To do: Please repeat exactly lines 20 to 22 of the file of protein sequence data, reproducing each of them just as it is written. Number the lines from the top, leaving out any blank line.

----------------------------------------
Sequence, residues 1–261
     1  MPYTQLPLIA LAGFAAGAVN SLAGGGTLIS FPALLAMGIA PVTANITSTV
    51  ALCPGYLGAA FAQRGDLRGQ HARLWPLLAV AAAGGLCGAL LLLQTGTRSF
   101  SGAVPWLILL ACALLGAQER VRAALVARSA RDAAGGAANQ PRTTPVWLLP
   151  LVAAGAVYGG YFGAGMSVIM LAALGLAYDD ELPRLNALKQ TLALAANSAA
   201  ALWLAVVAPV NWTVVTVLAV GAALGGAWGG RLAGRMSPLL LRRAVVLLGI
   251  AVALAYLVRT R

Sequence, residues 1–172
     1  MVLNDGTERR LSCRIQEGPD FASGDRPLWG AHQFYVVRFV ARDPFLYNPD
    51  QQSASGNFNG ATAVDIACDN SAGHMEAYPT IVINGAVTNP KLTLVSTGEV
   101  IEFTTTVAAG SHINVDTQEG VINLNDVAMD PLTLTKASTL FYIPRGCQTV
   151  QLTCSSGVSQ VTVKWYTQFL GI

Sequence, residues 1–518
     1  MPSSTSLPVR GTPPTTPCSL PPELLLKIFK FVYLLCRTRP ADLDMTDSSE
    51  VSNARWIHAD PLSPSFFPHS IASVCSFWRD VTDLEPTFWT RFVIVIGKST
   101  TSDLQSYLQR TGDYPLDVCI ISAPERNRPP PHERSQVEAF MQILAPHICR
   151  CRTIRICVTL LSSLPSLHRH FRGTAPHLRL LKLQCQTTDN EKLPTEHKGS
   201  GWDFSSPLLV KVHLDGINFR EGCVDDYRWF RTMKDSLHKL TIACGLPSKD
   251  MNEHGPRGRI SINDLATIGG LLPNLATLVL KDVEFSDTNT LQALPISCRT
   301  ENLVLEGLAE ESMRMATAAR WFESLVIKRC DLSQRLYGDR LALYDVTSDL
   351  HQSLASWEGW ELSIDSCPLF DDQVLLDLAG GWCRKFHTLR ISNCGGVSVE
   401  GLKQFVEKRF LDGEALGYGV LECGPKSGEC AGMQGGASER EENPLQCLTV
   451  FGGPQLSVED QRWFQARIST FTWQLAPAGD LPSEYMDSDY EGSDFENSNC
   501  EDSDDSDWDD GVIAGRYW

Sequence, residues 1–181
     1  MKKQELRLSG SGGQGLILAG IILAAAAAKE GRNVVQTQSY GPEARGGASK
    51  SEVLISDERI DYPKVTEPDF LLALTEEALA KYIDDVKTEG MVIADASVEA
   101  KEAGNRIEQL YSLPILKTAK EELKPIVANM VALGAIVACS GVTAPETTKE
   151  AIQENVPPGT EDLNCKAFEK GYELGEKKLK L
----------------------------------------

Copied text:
   301  ENLVLEGLAE ESMRMATAAR WFESLVIKRC DLSQRLYGDR LALYDVTSDL
   351  HQSLASWEGW ELSIDSCPLF DDQVLLDLAG GWCRKFHTLR ISNCGGVSVE
   401  GLKQFVEKRF LDGEALGYGV LECGPKSGEC AGMQGGASER EENPLQCLTV